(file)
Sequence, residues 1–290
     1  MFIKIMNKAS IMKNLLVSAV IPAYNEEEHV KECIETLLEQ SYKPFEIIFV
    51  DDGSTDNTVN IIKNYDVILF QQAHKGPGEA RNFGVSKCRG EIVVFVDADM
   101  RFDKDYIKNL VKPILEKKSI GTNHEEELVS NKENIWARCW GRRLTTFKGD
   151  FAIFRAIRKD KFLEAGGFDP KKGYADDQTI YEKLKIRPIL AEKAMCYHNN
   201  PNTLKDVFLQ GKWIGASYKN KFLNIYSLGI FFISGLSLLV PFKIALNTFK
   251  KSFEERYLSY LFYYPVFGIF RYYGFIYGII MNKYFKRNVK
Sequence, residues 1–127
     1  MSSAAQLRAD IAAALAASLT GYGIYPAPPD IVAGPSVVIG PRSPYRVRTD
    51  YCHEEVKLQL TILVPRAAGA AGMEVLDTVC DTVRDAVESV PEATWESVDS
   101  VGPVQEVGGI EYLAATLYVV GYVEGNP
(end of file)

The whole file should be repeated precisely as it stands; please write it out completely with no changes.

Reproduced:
Sequence, residues 1–290
     1  MFIKIMNKAS IMKNLLVSAV IPAYNEEEHV KECIETLLEQ SYKPFEIIFV
    51  DDGSTDNTVN IIKNYDVILF QQAHKGPGEA RNFGVSKCRG EIVVFVDADM
   101  RFDKDYIKNL VKPILEKKSI GTNHEEELVS NKENIWARCW GRRLTTFKGD
   151  FAIFRAIRKD KFLEAGGFDP KKGYADDQTI YEKLKIRPIL AEKAMCYHNN
   201  PNTLKDVFLQ GKWIGASYKN KFLNIYSLGI FFISGLSLLV PFKIALNTFK
   251  KSFEERYLSY LFYYPVFGIF RYYGFIYGII MNKYFKRNVK
Sequence, residues 1–127
     1  MSSAAQLRAD IAAALAASLT GYGIYPAPPD IVAGPSVVIG PRSPYRVRTD
    51  YCHEEVKLQL TILVPRAAGA AGMEVLDTVC DTVRDAVESV PEATWESVDS
   101  VGPVQEVGGI EYLAATLYVV GYVEGNP